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Log files using up disk space RRS feed

  • Question

    1. Hi,
      I've been noticing that the amount of disk space on the c drive of the SCCM server is gradually being used up. I've narrowed it down to log files being created at a rate of 1 or 2 each day that are located in
      C:\WINDOWS\system32\LogFiles (currently sits at 7GB).
      So i guess my question is
      1. Can I safely delete these log files manually? (there are currently 1 year worth of text files, 1 or 2 created daily for each day since SCCM was installed)
      2. Perhaps more importantly, do I have a problem? (everything seems to be working ok) The logs contain millions of lines with this "error" repeated over and over again. I assume this is not normal. Anyone seen this before?
    #Fields: date time s-sitename s-ip cs-method cs-uri-stem cs-uri-query s-port cs-username c-ip cs(User-Agent) sc-status sc-substatus sc-win32-status 
    2009-11-11 00:00:01 W3SVC749041787 192.168.129.53 POST /ApiRemoting30/WebService.asmx - 8530 - 192.168.129.53 Mozilla/4.0+(compatible;+MSIE+6.0;+MS+Web+Services+Client+Protocol+2.0.50727.1433) 401 1 0
    2009-11-11 00:00:01 W3SVC749041787 192.168.129.53 POST /ApiRemoting30/WebService.asmx - 8530 DOMAIN\S-FK-SCCM$ 192.168.129.53 Mozilla/4.0+(compatible;+MSIE+6.0;+MS+Web+Services+Client+Protocol+2.0.50727.1433) 200 0 0
    Monday, November 16, 2009 2:27 PM

Answers

  • If those are IIS log files, you would configure IIS logging to address that.  There are several different logging levels for IIS to overwrite as needed, etc. etc.  I'd try to tell you exactly how, but different versions of IIS might make my directions not match at all the version of IIS you are running.  Check your IIS version, and then check how to setup logging the right way.

    Temporarily of course, feel free to delete those IIS log files if you think you do not need them. (Your likely don't).  Probably just keep the most recent. As for the 401 errors; if those are in your most recent log file, no reason to keep the old ones.  Then you can start troubleshooting that, and/or contact Microsoft to see what might be going on.  (I'm a horrible Web troubleshooter, so I'm not going to try. Sorry)
    Standardize. Simplify. Automate.
    Monday, November 16, 2009 6:51 PM

All replies

  • It's normally safe to remove logs. I am unfamiliar with these exact logs in this location.



    John Marcum | http://www.TrueSec.com/en/Training.htm | http://myitforum.com/cs2/blogs/jmarcum
    Monday, November 16, 2009 2:56 PM
  • OK, had another look, these are IIS logs that i assume is related to WSUS (on the same server and installed at the same time as SCCM).
    There are lots of "200" status messages that obviously mean something is happy, but the vast majority are "401" errors stated in my first post, to the extent that there are sometimes up to 50 exact same error messages every second and go on for hours non-stop, they can stop for about 10 minutes to an hour then start up again, this happens 24/7.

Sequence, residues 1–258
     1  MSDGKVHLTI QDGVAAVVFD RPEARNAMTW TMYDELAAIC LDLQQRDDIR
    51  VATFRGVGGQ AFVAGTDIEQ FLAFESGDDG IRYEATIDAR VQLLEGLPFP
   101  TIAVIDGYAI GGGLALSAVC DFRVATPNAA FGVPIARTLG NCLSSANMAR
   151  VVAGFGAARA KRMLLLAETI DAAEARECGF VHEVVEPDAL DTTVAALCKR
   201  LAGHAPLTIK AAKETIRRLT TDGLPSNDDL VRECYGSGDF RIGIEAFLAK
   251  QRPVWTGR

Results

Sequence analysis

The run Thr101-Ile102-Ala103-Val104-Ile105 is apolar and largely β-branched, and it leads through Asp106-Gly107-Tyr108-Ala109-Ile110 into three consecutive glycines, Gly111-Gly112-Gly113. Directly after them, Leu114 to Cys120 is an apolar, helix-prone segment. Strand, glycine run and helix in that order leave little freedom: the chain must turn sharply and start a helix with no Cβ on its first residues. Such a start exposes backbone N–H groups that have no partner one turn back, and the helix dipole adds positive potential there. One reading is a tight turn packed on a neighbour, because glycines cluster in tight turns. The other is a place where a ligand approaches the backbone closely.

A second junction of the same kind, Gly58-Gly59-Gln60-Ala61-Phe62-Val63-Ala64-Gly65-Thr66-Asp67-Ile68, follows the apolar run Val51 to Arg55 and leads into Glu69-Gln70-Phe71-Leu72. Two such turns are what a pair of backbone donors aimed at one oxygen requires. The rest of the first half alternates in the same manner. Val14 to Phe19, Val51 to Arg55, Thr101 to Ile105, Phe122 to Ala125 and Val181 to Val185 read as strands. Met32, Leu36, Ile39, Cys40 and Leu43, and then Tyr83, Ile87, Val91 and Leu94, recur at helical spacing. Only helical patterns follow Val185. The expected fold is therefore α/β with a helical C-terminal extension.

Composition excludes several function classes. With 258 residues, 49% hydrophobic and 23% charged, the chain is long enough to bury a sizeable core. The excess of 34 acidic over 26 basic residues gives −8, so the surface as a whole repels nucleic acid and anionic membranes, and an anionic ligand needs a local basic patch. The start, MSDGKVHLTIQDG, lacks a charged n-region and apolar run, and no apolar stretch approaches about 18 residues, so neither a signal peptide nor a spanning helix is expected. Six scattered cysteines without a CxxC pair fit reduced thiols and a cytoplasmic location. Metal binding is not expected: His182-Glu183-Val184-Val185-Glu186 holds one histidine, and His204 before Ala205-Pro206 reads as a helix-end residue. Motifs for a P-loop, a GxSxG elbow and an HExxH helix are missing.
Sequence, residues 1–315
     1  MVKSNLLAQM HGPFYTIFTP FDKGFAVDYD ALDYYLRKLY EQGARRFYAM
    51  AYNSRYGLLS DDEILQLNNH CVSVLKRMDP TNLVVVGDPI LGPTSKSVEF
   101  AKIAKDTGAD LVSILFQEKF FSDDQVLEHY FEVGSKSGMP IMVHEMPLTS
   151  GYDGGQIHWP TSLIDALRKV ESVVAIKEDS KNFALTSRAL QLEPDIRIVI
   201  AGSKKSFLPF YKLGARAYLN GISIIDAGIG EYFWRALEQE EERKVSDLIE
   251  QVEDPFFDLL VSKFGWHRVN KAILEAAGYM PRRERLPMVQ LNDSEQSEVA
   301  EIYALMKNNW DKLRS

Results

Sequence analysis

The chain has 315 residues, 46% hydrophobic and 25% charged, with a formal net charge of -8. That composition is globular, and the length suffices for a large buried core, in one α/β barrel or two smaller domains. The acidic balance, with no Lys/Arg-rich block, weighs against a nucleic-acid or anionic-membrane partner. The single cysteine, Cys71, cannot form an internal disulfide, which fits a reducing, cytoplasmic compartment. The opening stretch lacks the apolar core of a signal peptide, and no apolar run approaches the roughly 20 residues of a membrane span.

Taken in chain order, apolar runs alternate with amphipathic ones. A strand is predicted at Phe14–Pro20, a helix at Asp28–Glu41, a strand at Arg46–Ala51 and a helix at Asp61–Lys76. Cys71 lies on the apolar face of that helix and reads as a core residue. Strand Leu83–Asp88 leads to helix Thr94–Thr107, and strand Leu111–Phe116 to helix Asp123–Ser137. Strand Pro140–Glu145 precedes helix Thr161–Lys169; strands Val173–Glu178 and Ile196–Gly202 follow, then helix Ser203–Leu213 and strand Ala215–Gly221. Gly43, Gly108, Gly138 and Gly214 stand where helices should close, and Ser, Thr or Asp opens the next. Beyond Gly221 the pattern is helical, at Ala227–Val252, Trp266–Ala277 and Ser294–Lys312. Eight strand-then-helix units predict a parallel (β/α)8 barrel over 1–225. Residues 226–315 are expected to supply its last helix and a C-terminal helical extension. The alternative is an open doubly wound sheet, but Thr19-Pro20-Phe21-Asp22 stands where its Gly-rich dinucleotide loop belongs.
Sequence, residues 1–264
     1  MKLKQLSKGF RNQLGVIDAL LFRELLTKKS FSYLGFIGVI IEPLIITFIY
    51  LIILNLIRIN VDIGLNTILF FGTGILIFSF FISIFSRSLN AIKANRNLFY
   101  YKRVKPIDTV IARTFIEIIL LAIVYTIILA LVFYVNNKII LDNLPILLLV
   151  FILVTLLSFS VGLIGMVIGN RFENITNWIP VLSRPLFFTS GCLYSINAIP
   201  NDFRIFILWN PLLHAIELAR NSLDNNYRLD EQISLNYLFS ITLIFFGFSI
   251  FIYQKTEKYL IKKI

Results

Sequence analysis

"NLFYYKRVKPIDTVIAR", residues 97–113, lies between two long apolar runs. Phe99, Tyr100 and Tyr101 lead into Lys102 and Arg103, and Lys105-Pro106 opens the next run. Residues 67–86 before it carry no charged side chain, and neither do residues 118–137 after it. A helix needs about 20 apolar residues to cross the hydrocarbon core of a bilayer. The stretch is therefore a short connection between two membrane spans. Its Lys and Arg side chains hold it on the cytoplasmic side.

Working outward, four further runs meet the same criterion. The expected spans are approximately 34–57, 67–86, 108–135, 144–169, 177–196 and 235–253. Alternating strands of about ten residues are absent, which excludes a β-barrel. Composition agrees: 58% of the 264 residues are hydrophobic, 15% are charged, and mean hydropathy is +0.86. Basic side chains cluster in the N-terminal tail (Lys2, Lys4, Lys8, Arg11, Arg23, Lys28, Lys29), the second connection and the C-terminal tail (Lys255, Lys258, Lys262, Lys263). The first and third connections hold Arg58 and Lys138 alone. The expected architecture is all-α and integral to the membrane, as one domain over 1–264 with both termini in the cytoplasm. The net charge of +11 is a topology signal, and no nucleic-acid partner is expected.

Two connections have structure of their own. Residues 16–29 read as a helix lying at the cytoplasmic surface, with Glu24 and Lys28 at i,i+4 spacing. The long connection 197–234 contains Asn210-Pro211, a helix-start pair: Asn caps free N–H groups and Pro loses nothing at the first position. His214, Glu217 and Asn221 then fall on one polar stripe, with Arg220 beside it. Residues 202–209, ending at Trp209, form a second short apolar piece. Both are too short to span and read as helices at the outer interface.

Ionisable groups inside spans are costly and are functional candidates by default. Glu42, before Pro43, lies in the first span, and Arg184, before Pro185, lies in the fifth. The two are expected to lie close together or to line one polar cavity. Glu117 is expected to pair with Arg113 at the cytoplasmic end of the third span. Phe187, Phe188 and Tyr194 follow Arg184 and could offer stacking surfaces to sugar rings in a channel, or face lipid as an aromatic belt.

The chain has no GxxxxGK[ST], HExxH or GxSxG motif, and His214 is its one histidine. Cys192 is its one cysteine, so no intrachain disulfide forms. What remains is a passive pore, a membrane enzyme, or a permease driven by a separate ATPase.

i know i can switch off logging, but i'd rather have a clue as to whats going wrong. WSUS works fine, clients report back patch levels and WSUS syncs fine with MS.

    im confused as to what is happening here.
    Monday, November 16, 2009 5:19 PM
  • If those are IIS log files, you would configure IIS logging to address that.  There are several different logging levels for IIS to overwrite as needed, etc. etc.  I'd try to tell you exactly how, but different versions of IIS might make my directions not match at all the version of IIS you are running.  Check your IIS version, and then check how to setup logging the right way.

    Temporarily of course, feel free to delete those IIS log files if you think you do not need them. (Your likely don't).  Probably just keep the most recent. As for the 401 errors; if those are in your most recent log file, no reason to keep the old ones.  Then you can start troubleshooting that, and/or contact Microsoft to see what might be going on.  (I'm a horrible Web troubleshooter, so I'm not going to try. Sorry)
    Standardize. Simplify. Automate.
    Monday, November 16, 2009 6:51 PM
  • I've occasionally used FORFILES.EXE to deal with these.  e.g.

    at 12:00 /EVERY:Su Forfiles.exe -p C:\WINDOWS\system32\LogFiles\W3SVC1 -m *.log -d -30 -c \"Cmd.exe /C del @path\"

    This will run every Sunday, and will delete files older than 30 days in the LogFiles\W3SVC1 folder.  Tweak to suit.
    Regards,
    Tom Watson,
    E-Mail: Tom_...@...
    Blog: http://myitforum.com/cs2/blogs/tom_watson
    Tuesday, November 17, 2009 4:16 PM